PROVIDENCE - The Rhode Island Department of Health (HEALTH) has announced the teen winners and finalists of its inaugural "Say Yes to the Test" video ad contest. Zoe Prescott and Bomina Belden, who co-produced their 30-second video for a class project at Westerly High School, won First Place following a final round of competition judged by peers and a representative from HEALTH at the annual World AIDS Day Red Ribbon Rally held recently at the MET School in Providence.
HEALTH and Project Reach co-sponsored the annual youth rally, which also involved many community partners. HEALTH plans to incorporate the winning submission into a statewide campaign to promote routine testing for the Human Immunodeficiency Virus (HIV) and crucial prevention measures.
Prescott and Belden produced a live stop-action video public service announcement that emphasized the Centers for Disease Control and Prevention (CDC) estimate that 20% of the 1.1 million people in the U.S. living with HIV today do not know they have it and risk infecting others. The video encouraged routine testing so that those who know they are HIV-positive can help prevent spreading the disease through prevention practices.
Second-place winners Mike Heiberger and Austin Cilley, also from Westerly High School, were also honored during the event. Their video portrayed a nurse encouraging a patient to get tested for HIV and explaining how simple the test is.
To view the "Say Yes to the Test" winning video ads, visit http://www.youtube.com/watch?v=-J6cfFeOd04&list=PLS35A8sS2cgbEGdYJt_ynuuV9dDyCxNxy&index=1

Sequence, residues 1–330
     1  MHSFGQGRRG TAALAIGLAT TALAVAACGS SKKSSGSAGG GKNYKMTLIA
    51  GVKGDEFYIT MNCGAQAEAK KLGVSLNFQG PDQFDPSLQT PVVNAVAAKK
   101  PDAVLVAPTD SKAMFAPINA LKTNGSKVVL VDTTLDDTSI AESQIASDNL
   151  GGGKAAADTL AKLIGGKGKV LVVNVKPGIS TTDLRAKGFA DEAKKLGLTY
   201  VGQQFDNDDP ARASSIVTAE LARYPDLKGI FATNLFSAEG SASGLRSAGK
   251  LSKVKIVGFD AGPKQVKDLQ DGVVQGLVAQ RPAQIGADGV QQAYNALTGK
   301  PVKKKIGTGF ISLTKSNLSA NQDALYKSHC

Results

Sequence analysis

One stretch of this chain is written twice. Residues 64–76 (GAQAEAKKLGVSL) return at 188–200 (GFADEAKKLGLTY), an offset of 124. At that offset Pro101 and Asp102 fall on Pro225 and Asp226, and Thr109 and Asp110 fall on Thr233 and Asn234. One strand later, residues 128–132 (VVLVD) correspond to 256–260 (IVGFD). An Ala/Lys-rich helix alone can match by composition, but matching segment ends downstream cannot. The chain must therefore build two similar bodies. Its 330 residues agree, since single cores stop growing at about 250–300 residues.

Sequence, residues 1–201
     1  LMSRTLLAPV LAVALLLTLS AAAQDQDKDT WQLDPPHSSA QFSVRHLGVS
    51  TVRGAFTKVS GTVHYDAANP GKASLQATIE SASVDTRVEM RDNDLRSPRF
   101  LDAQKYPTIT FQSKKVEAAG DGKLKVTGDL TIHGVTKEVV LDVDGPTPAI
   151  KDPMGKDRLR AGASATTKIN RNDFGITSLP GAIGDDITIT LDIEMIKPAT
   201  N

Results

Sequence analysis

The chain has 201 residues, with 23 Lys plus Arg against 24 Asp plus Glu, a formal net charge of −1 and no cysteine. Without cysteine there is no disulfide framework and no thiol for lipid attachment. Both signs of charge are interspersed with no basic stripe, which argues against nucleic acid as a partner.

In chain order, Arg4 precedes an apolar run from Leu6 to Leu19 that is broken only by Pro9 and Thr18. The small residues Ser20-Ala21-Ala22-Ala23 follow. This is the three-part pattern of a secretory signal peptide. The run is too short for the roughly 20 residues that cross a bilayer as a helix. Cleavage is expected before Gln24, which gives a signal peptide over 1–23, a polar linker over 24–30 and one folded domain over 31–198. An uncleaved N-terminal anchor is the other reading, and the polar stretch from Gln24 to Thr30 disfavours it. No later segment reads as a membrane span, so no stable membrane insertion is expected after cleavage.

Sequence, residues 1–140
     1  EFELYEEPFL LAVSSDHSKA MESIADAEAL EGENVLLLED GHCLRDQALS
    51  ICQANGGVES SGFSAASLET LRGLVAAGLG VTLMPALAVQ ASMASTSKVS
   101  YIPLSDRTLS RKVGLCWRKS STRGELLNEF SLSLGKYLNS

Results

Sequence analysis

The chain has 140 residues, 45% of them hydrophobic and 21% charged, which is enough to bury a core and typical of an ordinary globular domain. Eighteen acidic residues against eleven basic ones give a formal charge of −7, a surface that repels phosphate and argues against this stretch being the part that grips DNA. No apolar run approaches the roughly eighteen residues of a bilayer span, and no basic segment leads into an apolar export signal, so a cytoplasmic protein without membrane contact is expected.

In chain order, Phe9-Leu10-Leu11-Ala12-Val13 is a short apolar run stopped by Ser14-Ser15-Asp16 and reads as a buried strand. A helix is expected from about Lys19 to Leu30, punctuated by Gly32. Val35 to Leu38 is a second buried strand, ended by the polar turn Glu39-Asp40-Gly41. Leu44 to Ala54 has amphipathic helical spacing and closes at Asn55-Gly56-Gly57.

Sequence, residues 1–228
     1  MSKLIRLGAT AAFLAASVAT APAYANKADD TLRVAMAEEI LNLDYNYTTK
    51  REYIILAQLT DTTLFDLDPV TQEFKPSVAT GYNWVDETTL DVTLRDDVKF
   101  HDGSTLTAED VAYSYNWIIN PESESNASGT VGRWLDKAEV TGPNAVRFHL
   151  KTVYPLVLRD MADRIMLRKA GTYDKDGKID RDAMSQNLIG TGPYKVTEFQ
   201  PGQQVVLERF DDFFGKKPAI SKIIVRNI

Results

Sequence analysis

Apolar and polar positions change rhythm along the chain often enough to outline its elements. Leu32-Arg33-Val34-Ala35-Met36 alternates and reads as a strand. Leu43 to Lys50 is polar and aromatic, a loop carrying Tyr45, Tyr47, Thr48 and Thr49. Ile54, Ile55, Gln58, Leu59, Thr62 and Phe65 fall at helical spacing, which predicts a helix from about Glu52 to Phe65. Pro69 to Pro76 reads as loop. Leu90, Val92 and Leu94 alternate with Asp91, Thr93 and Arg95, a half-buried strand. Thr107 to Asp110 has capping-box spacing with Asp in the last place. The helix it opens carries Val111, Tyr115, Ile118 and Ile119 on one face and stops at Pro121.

"We applaud our talented young videomakers and are excited to share their important messages about HIV testing with all Rhode Islanders," said Michael Fine, MD, director of HEALTH. "Involving young people in this discussion is a critical step in stopping the spread of HIV in Rhode Island. It's important for all generations to get tested and know their status."
HIV can spread from anyone infected through sexual activity or intravenous drug use. HEALTH's goal is reducing new HIV transmissions in Rhode Island to zero. More than 2,000 Rhode Islanders were known to be living with HIV as of 2011, with many more Rhode Islanders infected yet unaware of their status. If left untreated, the infection is more easily spread and can progress to Acquired Immune Deficiency Syndrome (AIDS), the final stage of HIV, which causes severe damage to the immune system.
Testing sites for HIV and other sexually transmitted diseases can be found throughout the state. Some testing sites offer free or low-cost services, and some offer anonymous testing that use a unique identifier instead of the person's name. All services are confidential for all patients. For more information, visit: www.health.ri.gov/find/hivtestingsites
Learn more about HEALTH's strategies for reducing HIV transmission in Rhode Island to zero, as well as its programs for HIV prevention and care, at http://www.health.ri.gov/programs/hivaidsandviralhepatitis/